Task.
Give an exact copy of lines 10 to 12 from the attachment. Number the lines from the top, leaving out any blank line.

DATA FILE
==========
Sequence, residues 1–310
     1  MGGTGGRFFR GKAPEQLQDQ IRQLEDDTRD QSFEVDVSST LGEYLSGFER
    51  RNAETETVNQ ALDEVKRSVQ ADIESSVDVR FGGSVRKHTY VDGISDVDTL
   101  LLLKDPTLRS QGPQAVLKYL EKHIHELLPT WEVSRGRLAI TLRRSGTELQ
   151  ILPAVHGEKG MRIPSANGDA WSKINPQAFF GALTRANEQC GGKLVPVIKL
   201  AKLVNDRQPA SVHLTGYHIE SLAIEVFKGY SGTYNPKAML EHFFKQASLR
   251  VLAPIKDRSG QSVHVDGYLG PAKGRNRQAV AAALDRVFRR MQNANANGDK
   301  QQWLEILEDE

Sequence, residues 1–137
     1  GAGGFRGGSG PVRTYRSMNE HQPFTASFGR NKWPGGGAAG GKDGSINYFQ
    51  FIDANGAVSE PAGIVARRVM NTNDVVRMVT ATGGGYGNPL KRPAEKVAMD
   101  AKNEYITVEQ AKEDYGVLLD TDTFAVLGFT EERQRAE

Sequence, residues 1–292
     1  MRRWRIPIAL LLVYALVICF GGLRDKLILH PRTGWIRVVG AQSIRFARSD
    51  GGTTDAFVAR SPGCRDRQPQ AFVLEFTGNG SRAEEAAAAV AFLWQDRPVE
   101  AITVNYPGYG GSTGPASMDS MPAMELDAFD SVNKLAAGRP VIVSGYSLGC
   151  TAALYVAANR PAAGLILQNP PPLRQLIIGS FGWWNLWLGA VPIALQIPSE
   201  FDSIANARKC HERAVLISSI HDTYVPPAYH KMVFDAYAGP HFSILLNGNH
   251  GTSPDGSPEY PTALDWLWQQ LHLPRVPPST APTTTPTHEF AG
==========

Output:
     1  GAGGFRGGSG PVRTYRSMNE HQPFTASFGR NKWPGGGAAG GKDGSINYFQ
    51  FIDANGAVSE PAGIVARRVM NTNDVVRMVT ATGGGYGNPL KRPAEKVAMD
   101  AKNEYITVEQ AKEDYGVLLD TDTFAVLGFT EERQRAE